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A family legacy

A family legacy
PFC Gerald G. Bonter was killed in battle in World War II in Germany just short of his 20th birthday. Courtesy photo.

When many people think of Memorial Day, they think of family get togethers, cook outs, camping trips—a whole weekend full of fun. But for some, it means so much more.

Marjorie Knapp, of Cedar Springs, has many people in her family that has served our country through the armed services over the years, and at least one that was killed in battle. Her dad, uncle, grandpa, and great-uncle have all served—and she thanks them all in our veteran’s section this week. 

“I am so proud of them and so thankful for them for keeping our country safe so we can be free,” said Marjorie. “I am grateful for them and for all who serve.”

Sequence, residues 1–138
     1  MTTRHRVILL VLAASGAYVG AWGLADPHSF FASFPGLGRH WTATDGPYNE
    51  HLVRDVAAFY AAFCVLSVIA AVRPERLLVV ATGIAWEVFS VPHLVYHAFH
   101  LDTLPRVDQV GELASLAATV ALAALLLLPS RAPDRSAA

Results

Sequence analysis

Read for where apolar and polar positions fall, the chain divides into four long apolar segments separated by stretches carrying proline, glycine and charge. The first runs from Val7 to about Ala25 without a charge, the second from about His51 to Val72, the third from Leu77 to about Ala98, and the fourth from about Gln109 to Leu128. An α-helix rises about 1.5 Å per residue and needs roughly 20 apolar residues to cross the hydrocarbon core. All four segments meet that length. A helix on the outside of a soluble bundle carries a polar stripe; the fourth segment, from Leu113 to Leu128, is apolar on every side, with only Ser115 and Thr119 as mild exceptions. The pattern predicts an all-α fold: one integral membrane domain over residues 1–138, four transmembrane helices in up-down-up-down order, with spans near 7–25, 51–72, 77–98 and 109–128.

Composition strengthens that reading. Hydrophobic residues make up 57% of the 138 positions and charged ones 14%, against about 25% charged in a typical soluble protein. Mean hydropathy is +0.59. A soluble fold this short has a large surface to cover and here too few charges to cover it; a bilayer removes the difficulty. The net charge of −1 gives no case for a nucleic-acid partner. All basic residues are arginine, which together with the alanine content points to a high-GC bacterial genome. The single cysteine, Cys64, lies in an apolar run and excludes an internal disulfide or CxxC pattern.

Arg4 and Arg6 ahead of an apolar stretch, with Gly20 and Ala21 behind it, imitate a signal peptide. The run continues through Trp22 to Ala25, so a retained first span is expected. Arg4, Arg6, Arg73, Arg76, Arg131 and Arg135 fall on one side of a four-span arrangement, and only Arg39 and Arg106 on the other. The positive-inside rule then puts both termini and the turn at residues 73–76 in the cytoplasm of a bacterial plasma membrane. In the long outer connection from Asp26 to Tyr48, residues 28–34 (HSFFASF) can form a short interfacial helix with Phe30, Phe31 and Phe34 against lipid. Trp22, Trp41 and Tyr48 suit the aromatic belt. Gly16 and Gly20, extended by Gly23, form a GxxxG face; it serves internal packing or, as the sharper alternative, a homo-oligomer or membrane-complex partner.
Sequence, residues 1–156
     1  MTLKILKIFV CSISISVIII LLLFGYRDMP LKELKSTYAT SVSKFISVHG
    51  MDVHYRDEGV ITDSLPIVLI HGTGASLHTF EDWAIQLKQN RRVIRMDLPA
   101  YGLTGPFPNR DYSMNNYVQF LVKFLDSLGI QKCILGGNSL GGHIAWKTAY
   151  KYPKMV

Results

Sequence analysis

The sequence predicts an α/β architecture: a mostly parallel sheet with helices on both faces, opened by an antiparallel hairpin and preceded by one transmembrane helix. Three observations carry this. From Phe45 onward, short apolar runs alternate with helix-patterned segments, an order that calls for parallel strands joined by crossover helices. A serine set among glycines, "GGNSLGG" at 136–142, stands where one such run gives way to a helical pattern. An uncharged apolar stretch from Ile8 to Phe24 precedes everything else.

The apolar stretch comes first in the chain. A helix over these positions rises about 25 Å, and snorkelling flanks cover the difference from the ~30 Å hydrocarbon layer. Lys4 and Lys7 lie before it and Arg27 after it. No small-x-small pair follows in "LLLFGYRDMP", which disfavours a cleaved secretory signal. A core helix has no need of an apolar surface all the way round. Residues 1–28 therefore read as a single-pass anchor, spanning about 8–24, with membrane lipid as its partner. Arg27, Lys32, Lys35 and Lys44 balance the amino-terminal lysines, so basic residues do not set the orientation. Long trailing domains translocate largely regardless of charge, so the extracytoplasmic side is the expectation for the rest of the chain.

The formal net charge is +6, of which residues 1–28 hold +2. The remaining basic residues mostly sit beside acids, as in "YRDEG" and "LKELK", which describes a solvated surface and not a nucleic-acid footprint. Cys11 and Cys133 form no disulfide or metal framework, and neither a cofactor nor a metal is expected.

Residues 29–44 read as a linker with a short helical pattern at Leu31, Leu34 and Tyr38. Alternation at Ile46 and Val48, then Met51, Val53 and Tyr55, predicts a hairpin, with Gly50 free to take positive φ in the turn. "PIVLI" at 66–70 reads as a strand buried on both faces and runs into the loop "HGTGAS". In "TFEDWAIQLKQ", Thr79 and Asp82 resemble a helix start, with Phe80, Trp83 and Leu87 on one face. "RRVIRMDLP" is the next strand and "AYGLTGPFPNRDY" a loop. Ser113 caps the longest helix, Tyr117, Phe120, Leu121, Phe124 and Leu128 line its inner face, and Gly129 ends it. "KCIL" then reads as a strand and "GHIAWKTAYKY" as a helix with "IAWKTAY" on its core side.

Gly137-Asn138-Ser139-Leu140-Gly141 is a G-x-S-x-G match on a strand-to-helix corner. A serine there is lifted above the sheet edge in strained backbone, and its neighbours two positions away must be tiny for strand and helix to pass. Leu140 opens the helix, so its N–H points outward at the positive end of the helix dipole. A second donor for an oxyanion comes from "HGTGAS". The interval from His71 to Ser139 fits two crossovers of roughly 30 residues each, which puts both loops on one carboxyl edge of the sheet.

Her great-uncle (her mom’s uncle) Gerald G. Bonter, served in the U.S. Army during World War II. He was from the area, and was killed in battle in Germany on February 28, 1945. He is buried in Hamm, a quarter in eastern Luxembourg City, in southern Luxembourg, Germany. It is the home of the Luxembourg American Cemetery and Memorial, the final resting place of 5,076 American servicemen, including General Patton.

Marjorie said she always takes time to thank those who have served when she sees them. To see the photos of some of those who have served, and the names of many of them buried in our area cemeteries, turn to pages 9-13.

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